For legislators like Michael Lane (D-Dryden), Tompkins County Legislature Chair, the local law seems like a big undertaking when there is the possibility of simply restoring the MOU. “We’re trying to get us back to where we were before because we thought it was a system that worked pretty well,” he said. “This law would require real change in the way everything is done.”
“It hasn’t come through and been thoroughly looked at by county,” Lane said of the proposed local law, “but we’re a little reluctant because of the potential cost and administrative difficulties.”
The law has yet to be fully presented to any committee of the Tompkins County Legislature, said James Dennis (D-Ulysses), who had questions about the logistics. “Who is the judge and the jury in these cases?” he asked. “You’re basically setting a court system up here locally.”
So what does the Tompkins County Office of Human Rights (OHR) do to improve people’s lives on a daily basis? Among standing up for people whose rights are violated, it also conducts human rights outreach and education, helps Tompkins County apply for federal and state housing dollars from the NY State Department of Homes and Community Renewal, and lends administrative assistance and expertise to County efforts in implementing its Workforce Diversity and Inclusion policy the website states.
In 2015, 49 percent of the 81 cases the office saw were employment complaints, and 25 percent were housing-related. Currently, if someone has a human rights issue they can call or was into the office, and Xavier Rusk, paralegal aide for the OHR, will handle the intake and conduct a consultation. He will write a report and help the complainant get in touch with the state division.
Rusk said he appreciates the hyperlocal aspect of his work. People are often able to walk or take public transportation to the office, located on East State Street, if need be, and they often feel more comfortable speaking with someone from the area. “It gives it a more natural feeling when relating a story that can be a traumatic for some people,” he said, “and it give us an opportunity to ask ourselves “what is this that’s going on? Would this be considered discrimination? We can analyze that information and include it in our workshops and trainings.”
Newly hired Rebecca Sims, program and outreach specialist, is filling a role that was left vacant for a year due to a county hiring freeze. Currently she’s getting ready for a flood of entries for the 29th Annual Universal Declaration of Human Rights art competition, due November 18. The fourth staff member, Receptionist Carmen Arroyo, has been with the office since 2003 and is instrumental to the daily operations of the OHR, her fellow employees said.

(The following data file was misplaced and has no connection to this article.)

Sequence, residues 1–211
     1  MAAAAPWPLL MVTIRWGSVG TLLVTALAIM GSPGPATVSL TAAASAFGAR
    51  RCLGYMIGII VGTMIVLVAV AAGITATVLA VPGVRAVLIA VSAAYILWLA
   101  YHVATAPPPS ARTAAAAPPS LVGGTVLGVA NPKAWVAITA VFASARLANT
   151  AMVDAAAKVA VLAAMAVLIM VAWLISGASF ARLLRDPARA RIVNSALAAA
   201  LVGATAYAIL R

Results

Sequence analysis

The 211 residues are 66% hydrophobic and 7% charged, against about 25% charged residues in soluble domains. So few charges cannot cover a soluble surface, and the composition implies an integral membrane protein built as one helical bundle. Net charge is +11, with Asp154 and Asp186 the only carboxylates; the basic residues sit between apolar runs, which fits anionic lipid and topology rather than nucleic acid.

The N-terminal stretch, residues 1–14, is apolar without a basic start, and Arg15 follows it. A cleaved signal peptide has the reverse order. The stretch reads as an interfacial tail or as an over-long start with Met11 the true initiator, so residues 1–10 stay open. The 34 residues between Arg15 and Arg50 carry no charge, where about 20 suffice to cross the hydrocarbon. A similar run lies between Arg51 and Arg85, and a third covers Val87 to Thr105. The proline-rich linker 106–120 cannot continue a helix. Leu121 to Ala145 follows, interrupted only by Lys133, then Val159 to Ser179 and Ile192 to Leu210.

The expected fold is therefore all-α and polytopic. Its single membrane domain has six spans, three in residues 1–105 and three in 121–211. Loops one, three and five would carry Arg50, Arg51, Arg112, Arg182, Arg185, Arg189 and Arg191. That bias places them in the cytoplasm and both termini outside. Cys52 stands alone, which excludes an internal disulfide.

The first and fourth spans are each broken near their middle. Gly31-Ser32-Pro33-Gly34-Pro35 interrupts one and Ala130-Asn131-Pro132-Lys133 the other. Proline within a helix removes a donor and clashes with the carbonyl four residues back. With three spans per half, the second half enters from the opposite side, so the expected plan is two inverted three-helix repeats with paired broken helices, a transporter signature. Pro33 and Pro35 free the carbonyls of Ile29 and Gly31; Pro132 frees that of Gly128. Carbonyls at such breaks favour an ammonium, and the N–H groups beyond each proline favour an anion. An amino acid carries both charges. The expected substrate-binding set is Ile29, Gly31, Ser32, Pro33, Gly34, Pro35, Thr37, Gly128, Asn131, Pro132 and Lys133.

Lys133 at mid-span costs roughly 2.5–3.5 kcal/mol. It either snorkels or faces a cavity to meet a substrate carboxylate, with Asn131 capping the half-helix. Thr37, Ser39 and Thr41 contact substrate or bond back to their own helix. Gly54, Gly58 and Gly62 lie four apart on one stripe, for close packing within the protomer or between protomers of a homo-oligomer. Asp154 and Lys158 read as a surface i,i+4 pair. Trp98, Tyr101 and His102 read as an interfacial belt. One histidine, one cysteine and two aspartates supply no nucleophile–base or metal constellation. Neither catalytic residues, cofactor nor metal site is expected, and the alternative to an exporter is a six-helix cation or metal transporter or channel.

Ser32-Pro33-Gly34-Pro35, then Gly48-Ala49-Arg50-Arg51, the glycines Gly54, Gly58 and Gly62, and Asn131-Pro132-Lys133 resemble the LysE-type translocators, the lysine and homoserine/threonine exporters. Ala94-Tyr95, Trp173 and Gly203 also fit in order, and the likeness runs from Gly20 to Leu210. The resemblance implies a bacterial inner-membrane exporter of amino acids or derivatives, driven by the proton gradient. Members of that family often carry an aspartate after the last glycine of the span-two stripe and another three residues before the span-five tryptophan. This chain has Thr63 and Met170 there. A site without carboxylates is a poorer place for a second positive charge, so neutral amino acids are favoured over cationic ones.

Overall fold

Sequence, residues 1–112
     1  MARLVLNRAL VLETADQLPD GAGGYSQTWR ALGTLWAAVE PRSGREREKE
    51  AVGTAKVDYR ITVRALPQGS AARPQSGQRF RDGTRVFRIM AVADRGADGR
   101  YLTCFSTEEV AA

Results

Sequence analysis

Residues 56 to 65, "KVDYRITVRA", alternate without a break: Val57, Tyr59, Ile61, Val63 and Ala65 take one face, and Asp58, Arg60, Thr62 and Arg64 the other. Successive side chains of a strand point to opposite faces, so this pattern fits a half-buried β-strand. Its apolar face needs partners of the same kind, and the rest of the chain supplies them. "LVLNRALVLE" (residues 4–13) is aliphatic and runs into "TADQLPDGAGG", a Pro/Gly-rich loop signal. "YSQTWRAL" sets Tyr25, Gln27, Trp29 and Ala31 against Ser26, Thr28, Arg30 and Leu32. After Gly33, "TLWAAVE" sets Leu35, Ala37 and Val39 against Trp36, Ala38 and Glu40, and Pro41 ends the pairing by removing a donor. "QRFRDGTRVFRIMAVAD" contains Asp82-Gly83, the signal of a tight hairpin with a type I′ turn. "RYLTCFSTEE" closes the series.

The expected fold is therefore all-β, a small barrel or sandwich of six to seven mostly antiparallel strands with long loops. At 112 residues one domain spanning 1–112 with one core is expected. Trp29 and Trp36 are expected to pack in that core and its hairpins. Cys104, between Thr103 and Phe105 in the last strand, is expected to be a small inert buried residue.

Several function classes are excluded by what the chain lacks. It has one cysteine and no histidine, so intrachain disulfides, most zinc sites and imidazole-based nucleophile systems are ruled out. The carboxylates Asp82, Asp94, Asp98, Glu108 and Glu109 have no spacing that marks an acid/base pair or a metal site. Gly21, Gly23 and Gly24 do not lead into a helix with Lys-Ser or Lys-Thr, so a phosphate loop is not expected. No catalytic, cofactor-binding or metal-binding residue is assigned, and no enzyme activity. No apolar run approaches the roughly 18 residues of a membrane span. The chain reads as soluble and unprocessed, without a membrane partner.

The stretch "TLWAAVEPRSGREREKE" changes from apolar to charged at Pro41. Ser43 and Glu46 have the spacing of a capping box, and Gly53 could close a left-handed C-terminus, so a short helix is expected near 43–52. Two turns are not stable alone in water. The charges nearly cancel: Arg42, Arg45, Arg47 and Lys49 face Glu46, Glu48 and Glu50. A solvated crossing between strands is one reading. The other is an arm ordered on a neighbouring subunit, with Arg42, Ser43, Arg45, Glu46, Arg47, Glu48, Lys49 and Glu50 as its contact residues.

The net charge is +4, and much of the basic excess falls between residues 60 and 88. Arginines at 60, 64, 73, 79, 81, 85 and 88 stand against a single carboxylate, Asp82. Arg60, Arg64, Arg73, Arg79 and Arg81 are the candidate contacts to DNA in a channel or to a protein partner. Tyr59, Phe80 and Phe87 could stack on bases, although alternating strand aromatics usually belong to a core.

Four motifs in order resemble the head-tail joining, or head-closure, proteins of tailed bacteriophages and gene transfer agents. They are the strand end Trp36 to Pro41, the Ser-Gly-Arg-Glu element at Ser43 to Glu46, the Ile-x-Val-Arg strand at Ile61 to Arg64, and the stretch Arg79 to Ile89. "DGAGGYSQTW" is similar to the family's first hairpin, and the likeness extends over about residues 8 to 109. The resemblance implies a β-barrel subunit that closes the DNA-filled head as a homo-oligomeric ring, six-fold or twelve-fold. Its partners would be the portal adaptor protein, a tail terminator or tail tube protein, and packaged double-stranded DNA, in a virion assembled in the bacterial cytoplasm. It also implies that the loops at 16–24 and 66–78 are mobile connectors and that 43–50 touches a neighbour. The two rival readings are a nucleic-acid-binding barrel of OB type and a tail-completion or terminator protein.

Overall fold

Including in the proposed budget is $4,500 to conduct 15 tests when a landlord is suspected of housing discrimination. A person of color, for example, would approach a landlord to see if they will be rented to, and later a white test subject will do the same. The results would be sent to the state division, the Fair Housing Council, or Housing and Urban Development.
Though the office is still subject to criticism by some, it was heartily advocated for by many members of the public who showed up at a recent legislature meeting to respond to Sigler’s proposal. “They work hard in spite of not having enforcement powers,” said Human Rights Commission Chair Jamila Simon. “We need to expand the office, not dismantle it,” added Marcia Baum, retired director of the Greater Ithaca Activities Center.
With $15,000 in recommended use of rollover funds for enforcement and outreach staff training remaining in the proposed 2017 budget (expected to be adopted at the Tompkins County Legislature November 14), Baer said she’s hoping the fully-staffed office can get back on track.
Oddly enough, she said, the number-one complaint her office has been receiving lately is that businesses are discriminating against service animals used to assist those with a physical or emotional disabilities.
“I personally believe that local investigations benefit local people, and the best part about working with the state division is it’s nice to partner with another agency that believes in the work you’re doing,” Baer said. “That relationship I really appreciate, knowing that we’re just working together for the people who live in Tompkins County.”